- btrfs-qgroups-warning-error 2021
- files-disappearing-in-btrfs-and-ssd 2020
Zoned mode ⇒
Beginning with version 5.12
For complete info an all tools for btrfs please do an actual search at the arch wiki and at the manjaro forum for "btrfs". In the following section only a few commands are described. Especially those commands that are often misinterpreted. Commands described earlier are omitted.
btrfs (the command) ⇒
Be aware that some sub-commands of btrfs will not work as normal user. Other sub-commands do work but will give only partial info. So best use them as root or with sudo.
help together with man btrfs or info btrfs will get you an overview over the usable options on your install.
With the version of btrfs given here you can look at changelog.
scan will give no visible results 😜
stats will give a list of errors detected in the past. This all should be 0, or you may be in trouble.
What to look for in device usage:
- RAID-level of Data, Metadata and System
Don't ever let Unalocated: get below 5% of your volume (or double the size you need for your next update)! If this goes too low, you will get into "out of space" trouble
Without sudo this will give very wrong results for everything displayed. Dont´t use this without sudo !
btrfs filesystem df /
btrfs filesystem du
btrfs filesystem show
btrfs filesystem usage
btrfs scrub status
This is not what you may think it is 😜
|EFI system partition
|1Gib - 8EiB
|4GiB, at least your RAM-size
|Swap partition (optional)
|BIOS boot partition
|1Gib - 8EiB
|4GiB, at least your RAM-size
|Swap partition (optional)
Please be aware that the information on this page is a simplified version of the reality. Is is written to make the reader understand a little of these complex things. To get an in depth understanding it will be neccesary to read further at btrfs.wiki.kernel.org or other places.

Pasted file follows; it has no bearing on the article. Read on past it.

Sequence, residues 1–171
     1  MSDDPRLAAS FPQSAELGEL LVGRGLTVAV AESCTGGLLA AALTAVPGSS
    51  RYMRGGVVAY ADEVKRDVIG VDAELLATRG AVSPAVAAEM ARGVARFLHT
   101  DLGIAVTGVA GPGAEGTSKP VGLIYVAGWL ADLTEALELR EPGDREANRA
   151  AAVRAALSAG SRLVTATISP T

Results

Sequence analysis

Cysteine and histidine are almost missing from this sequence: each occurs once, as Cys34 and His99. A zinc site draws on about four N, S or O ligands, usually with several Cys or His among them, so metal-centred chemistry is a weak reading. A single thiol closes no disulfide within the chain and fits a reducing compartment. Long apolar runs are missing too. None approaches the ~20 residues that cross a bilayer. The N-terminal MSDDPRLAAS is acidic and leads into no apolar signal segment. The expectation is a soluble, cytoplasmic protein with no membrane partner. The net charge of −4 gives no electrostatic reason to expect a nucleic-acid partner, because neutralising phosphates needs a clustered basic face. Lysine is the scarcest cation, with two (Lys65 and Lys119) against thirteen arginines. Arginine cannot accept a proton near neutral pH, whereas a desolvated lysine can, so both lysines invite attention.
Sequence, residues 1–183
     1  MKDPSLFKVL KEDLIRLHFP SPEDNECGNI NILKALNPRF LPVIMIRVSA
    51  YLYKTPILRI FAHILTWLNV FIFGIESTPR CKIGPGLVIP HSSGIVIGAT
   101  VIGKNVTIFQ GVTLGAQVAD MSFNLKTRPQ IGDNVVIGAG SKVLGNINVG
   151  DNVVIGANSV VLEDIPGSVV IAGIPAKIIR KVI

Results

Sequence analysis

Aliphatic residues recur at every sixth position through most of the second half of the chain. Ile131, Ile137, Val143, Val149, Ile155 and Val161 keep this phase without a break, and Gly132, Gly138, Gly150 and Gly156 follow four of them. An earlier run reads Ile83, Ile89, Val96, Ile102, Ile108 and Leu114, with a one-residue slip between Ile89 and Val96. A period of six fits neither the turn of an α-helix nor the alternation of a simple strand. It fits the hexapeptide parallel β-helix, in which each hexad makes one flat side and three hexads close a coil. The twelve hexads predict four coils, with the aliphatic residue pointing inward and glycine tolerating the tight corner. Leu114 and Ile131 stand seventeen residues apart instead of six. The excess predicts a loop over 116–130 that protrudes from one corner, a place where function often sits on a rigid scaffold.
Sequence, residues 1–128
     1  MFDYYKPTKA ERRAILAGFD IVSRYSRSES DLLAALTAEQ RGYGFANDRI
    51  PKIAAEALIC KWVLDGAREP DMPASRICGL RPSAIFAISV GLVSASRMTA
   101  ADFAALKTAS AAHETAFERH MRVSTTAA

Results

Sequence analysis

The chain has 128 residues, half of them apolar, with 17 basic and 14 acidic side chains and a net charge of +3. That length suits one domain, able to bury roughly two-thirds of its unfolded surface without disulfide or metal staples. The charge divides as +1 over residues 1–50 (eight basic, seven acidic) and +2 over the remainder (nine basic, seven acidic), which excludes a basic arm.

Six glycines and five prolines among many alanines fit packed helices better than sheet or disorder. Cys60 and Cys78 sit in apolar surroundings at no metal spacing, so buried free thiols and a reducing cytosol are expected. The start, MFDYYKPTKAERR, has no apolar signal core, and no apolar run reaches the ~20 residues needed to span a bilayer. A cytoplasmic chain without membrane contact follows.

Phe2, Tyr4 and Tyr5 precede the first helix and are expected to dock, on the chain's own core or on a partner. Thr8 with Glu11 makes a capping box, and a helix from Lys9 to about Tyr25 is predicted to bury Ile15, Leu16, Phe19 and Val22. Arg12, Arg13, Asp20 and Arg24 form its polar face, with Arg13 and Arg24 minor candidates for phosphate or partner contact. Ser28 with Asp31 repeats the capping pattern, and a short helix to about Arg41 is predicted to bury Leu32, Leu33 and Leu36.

Why not btrfs ?
A lot of people say: "I don't use btrfs because it is experimental and is not stable. You can´t use it in production. It is not safe!".
Not stable ?
The status of btrfs was experimental for a long time, but the core functionality is considered good enough for daily use. (from kernel.org)
If you see statements declaring Btrfs as not stable, please look for the date of them. Some seem to date from 10 years ago. So if you want to give Btrfs a chance, you have to look for newer statements. Maybe even look at Btrfs Kernel Wiki as that sure is the best information regarding Btrfs
Btrfs is feature-rich! There are new features being implemented and these should be considered experimental for a few releases when the bugs get ironed out when number of brave users help stabilizing it.(from kernel.org)
Some features are not implemented yet. Others are only partly implemented. Some are experimental and not suggested for production use. As is always the case in Linux-land you decide what to use, and so you are responsible for your own decisions.
Not usable for production ?
- Distro support for Btrfs as main filesystem
- Some companies do use Btrfs in email@example.com
- Some manufacturers do deploy devices where Btrfs is installed by default.
Difficult to repair ?
Indeed, when you search for the usual ways to repair a file system like FAT or Ext4 then you don't find good information about repairing btrfs. This is not because it is difficult to repair Btrfs, but because repairing Btrfs does work very differently.
What's this "Copy on Write"